soothing and often feel that by attending classes they have done their part (Kaczynski,

Wood, & Harding, 2008, p. 30). Blended learning requires teacher-led facilitation of

more active student engagement in both arenas.

In the early days of blended course development, some of the hoped-for benefits

included the following: (a) attracting new student markets to increase enrollment

opportunities among working adults for HE (weekend and evening courses), (b) more

motivated (less passive) students who would become actively engaged self-starters, and

(c) invigorated teachers who could spend more of their time and energy guiding and

facilitating learning (see for example So & Brush, 2008; Garrett, 2009). After almost 20

years, expectations remain high, but research will require more evidence that shows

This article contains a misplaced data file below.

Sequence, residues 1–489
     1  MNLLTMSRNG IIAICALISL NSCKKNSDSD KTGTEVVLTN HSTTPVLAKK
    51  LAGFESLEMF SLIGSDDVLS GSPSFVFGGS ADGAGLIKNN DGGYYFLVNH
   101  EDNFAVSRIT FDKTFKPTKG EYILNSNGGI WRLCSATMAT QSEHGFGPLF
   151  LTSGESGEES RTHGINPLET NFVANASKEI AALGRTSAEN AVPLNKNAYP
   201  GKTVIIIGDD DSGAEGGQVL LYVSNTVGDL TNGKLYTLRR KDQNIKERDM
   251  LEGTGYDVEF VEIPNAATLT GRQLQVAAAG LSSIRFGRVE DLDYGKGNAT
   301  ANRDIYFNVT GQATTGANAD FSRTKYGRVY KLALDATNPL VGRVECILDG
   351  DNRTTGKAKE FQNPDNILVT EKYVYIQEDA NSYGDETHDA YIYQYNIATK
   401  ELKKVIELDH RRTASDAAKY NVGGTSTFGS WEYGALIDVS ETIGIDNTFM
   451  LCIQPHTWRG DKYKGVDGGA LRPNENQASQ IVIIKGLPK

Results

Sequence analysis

higher student acceptance or the perceived value of blended courses over more traditional

formats (Doughty et al., 2009; McCarthy & Murphy, 2010). Ongoing research must help

to find the optimal blend that can facilitate, maximize, and maintain student motivation

throughout a given blended course and to reposition, shift, or transform the teachers

rolefrom that of lecturer to more of a facilitator or tutor functionin the overall

delivery and assessment of blended content.

Blending online and F2F components into one teaching-learning environment

may provide opportunities for enhanced interaction with course contents, teachers, and

other students but may also give rise to new problems, especially in the online portions of